NFL Legend Mike Ditka: 'If You Can’t Respect Our National Anthem, Get the Hell Out' of America

Kiichiro Sato
AP featured image
FILE – In this Oct. 27, 2009, file photo, Mike Ditka speaks at a news conference in Chicago. Back in 1986, when head coach Ditka took the Chicago Bears’ shuffling crew to New Orleans for the Super Bowl, what happened on Bourbon Street mostly stayed there and his instructions to the team would have fit in a text message: No curfew the first three days. No fooling around after that. (AP Photo/Kiichiro Sato, File)


How quickly things can change — not long ago, in the media and among non-Nike athletic corps, kneeling during the National Anthem was a topic of controversy.

Now it seems most everyone’s on board, including the NFL.

Nonetheless, National Football League legend Mike Ditka is sticking to the old days, and he doesn’t care who knows it.

Mike’s not one of the cool kids — across American athletics, people are refusing to stand for “The Star-Spangled Banner.” As I covered Tuesday, a recent WNBA match saw both teams abandon the situation altogether and retreat to their locker rooms while the song played.

And on Monday, a host of San Francisco Giants took a knee, including two coaches and a team manager:

As for Ditka, he’s not mincing words. Speaking to TMZ, the former Chicago Bears coach — and current owner/chairman of X League, a women’s pro football association — lowered the boom on bending.

TMZ asked:

“The whole kneeling thing in the NFL — you’ve guys saying that they’re gonna do it. I’m seeing all these baseball players now, different teams — last night watching baseball, you’ve got the Reds kneeling, the A’s, the Giants. A lot of teams are kneeling. Athletes are kneeling. In your league here — you’re the chairman of this thing — is that gonna be allowed? If the women wanna take a knee during the Anthem? What’s the policy on that for you guys?”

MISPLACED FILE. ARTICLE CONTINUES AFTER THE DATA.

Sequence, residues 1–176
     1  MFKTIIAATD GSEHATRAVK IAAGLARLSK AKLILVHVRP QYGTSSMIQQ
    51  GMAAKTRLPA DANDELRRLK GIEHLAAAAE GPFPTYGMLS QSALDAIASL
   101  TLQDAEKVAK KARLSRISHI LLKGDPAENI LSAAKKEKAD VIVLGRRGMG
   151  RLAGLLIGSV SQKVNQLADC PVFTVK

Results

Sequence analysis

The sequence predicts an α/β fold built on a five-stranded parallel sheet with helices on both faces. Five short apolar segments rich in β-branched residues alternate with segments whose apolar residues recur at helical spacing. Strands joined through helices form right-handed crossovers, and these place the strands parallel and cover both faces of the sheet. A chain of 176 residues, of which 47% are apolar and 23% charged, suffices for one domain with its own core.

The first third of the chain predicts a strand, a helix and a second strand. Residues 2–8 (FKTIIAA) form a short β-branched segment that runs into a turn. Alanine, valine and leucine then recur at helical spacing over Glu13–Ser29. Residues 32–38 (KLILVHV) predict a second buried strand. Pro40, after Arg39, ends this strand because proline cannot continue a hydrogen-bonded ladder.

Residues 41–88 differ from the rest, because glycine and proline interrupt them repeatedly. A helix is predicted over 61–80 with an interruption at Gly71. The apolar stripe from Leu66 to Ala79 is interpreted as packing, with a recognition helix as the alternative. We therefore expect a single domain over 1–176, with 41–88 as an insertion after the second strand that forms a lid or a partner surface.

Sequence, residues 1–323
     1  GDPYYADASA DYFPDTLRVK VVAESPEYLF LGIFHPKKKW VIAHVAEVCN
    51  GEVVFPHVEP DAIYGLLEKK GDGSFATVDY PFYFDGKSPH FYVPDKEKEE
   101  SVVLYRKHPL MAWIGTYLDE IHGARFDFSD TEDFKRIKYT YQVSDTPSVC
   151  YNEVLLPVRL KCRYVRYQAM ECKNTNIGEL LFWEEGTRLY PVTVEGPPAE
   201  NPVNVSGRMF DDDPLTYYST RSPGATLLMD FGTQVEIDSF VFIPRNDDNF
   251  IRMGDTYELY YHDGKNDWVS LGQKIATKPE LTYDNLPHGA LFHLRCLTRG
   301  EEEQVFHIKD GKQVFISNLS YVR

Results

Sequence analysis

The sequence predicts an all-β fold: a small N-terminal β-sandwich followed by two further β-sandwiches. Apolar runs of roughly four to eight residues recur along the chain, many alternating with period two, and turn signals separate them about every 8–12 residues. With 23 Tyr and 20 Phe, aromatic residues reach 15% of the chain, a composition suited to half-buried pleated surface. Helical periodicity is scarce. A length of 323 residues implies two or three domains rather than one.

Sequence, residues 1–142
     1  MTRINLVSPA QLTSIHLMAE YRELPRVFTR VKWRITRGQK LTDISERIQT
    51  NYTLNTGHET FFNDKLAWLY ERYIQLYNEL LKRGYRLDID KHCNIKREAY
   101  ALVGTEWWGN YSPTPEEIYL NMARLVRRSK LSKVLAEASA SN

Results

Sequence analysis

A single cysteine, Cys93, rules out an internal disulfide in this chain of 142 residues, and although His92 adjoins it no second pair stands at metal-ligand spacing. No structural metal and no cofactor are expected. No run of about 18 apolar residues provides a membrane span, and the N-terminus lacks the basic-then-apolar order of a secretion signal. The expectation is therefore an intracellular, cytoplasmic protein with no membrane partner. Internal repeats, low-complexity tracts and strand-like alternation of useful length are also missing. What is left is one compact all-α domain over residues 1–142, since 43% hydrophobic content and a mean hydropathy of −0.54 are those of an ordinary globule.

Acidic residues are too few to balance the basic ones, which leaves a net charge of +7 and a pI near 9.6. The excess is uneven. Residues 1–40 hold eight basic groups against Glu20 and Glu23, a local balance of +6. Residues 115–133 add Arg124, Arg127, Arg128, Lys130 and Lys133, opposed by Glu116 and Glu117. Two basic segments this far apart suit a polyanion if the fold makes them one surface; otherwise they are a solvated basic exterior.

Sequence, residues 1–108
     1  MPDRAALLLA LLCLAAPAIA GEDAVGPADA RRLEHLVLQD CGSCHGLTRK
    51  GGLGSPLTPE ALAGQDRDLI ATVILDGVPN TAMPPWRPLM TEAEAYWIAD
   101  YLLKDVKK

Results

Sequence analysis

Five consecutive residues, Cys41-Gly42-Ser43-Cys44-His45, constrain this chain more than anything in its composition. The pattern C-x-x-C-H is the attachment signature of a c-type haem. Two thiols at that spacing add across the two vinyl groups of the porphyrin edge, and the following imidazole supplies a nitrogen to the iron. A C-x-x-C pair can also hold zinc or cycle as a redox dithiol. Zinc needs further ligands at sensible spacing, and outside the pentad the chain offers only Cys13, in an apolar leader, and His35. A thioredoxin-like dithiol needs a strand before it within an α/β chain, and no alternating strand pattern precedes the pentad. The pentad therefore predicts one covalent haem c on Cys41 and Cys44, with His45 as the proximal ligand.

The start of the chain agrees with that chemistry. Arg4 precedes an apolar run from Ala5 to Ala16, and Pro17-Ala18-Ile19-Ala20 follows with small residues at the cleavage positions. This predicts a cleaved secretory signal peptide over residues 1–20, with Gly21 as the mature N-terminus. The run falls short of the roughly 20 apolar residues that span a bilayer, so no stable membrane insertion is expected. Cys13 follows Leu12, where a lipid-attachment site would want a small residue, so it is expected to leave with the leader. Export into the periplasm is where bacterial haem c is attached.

Mike admitted he’s not a modern kinda guy. But he’s got some definite ideas about patriotism:

“Of course, I’m old fashioned. So I’m only gonna say what I feel. I think there’s a way that you protest and there’s a way you don’t protest. You don’t protest against the flag, and you don’t protest against this country [that’s] given you the opportunity to make a living playing a sport that you never thought would happen. So I don’t wanna hear all the crap.”

There’s certainly a lot of protest to be heard. Gone, it seems, are the days of pure unadulterated competition and entertainment.

Back in 2017, Mr. Ditka lamented the same, as quoted by RedState’s Brandon Morse:

“Respect the game. Play the game. When you want to protest, protest when the game is over. Football has been so good to these guys. Enjoy it. Have fun with it. … I don’t think it’s the stage for protests, I’m sorry.”

So much for that. We’ve entered a world where politics appear to penetrate all things, across platforms and age groups:

Via TMZ, College Football Hall of Famer, Pro Football Hall of Famer, 1961 UPI NFL Rookie of Year, five-time Pro Bowl participant, and five-time All-Pro tight end (whew) Mike Ditka had strong advice for people kneeling during the musical tribute to our nation’s liberty:


“If you can’t respect our National Anthem, get the hell out of the country.”



See more pieces from me:

Major League Baseball Goes to Bat for Kneeling, and It Looks Like a Strike-Out

Herschel Walker Offers to Fly Everyone Who Doesn’t Want Police to Places Where There Aren’t Any

They Were Slow as Molasses: Quaker Finally Cancels Aunt Jemima

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